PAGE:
The acceleration and top speed are nothing to write home about, but the weight distribution and handling has been beloved by fans of the Fiat X1/9 for decades now.
Inexpensive to maintain, full of character, great to drive!
All in all, this is an excellent find for those looking get their hands on a classic Italian Sports Car. Good X1/9’s are still pretty easy to find if you look. The same goes for spare parts.
The IKA Torino, later named the Renault Torino (IKA was bought out by Renault in 1975), is a mid-sized vehicle made by Industrias Kaiser Argentina (IKA) under an agreement with American Motors Corporation (AMC) in 1966. They wished to make a car that combined "combined American ruggedness and European style." it was made in both two-door hardtop and 4-door sedan variants and production continued until 1981. The IKA-Renault Torino has been called Argentina's national car.
From 1970 until 1976 the Torino was touted as a luxury vehicle. This marketing drive led to some notorious and famous owners including Fidel Castro, Leonid Brezhnev (The fifth leader of the Soviet Union), Muammar al-Gaddafi and Juan Manuel Fangio (an Argentine driver who dominated the first decade of Formula One) — making this a real historical collector's piece.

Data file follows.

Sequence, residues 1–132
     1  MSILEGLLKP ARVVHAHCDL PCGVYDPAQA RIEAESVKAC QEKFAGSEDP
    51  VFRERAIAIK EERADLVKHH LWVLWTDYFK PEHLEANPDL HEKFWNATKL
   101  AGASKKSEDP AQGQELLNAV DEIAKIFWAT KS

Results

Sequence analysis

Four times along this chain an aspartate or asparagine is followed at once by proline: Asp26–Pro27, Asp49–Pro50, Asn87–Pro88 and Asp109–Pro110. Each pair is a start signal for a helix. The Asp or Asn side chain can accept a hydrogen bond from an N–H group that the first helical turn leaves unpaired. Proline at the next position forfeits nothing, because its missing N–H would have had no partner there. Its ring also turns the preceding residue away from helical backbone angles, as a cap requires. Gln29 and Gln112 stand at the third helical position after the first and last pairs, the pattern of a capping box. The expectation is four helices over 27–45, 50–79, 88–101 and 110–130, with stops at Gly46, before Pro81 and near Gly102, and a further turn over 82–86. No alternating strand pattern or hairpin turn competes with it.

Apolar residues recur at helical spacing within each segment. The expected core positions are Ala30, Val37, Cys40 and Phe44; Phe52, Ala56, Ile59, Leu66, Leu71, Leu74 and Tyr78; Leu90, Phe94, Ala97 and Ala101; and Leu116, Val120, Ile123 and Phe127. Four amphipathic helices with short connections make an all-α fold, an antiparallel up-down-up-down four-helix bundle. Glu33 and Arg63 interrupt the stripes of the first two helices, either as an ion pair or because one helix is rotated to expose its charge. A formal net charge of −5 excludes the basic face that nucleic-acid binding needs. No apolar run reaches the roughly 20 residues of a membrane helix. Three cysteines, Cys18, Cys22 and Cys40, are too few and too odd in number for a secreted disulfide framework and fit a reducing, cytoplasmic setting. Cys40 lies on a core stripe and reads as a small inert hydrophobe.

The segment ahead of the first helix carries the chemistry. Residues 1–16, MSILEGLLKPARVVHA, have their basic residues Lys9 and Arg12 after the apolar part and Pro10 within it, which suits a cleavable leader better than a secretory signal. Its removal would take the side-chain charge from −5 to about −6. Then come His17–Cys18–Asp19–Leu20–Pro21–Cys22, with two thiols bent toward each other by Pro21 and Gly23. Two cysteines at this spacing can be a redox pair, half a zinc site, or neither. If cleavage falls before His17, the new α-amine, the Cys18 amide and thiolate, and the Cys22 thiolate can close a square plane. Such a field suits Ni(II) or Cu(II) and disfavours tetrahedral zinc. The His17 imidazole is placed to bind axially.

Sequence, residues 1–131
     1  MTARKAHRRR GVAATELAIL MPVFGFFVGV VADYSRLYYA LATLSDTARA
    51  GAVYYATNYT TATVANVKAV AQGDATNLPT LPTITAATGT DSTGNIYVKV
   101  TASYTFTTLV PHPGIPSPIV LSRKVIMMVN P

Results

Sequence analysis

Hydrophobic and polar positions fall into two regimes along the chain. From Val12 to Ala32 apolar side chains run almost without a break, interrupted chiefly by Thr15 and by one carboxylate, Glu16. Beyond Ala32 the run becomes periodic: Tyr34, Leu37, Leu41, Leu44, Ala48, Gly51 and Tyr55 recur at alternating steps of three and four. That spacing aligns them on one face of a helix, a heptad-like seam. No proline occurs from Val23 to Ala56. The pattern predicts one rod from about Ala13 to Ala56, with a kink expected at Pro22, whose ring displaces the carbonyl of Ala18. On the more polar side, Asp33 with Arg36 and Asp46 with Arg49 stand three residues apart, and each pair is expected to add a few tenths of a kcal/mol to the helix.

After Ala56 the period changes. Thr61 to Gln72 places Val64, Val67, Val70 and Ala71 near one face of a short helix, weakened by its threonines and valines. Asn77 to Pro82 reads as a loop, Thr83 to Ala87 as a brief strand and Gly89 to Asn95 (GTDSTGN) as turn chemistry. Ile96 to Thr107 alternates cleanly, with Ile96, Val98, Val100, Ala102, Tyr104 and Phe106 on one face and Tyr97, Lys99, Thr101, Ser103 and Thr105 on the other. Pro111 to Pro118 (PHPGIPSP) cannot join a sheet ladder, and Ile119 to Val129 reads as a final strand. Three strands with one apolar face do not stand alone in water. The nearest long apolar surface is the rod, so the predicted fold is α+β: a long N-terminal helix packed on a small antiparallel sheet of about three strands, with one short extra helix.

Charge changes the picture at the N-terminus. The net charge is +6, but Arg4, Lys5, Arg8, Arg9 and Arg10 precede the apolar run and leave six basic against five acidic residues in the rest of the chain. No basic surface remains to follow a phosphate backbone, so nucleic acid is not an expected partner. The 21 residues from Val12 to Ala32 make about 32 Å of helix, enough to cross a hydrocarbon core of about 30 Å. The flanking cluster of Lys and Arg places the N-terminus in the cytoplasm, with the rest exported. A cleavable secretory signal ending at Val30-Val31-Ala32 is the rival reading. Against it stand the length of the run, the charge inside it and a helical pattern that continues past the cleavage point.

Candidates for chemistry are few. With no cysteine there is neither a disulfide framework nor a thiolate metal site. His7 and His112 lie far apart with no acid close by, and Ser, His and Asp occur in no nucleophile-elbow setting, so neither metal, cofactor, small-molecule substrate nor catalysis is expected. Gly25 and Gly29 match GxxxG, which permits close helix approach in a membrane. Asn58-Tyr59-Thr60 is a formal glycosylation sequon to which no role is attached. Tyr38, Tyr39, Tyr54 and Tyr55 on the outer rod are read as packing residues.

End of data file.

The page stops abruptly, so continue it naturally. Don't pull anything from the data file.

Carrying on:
The Torino hit the stage at the Municipal Racing Circuit of Buenos Aires in November of 1966 and was first available as the Torino 380 W. The Torino 380 W produced 176 hp and came with Weber two-barrel carburetors, a floor mounted four-speed shift and an electronic wooden instrument panel. There were also leather accouterments making it a unique hybrid of features at the time.
In the ’70s the Torino was a popular luxury vehicle. Famous owners included dictators such as Fidel Castro and Muammar al-Gaddafi. Making this a real historical collector's piece.
Italian auto stylists designed the lines of the car at Pininfarina since the Argentinian buyers were more partial to European rather than American design. The car’s badge is the city of Turin’s coat of arms, a prancing bull, and is purposefully reminiscent of the Ferrari stallion.
- Front-engine, rear-wheel-drive layout
- 1966–1981 | Santa Isabel, Córdoba Province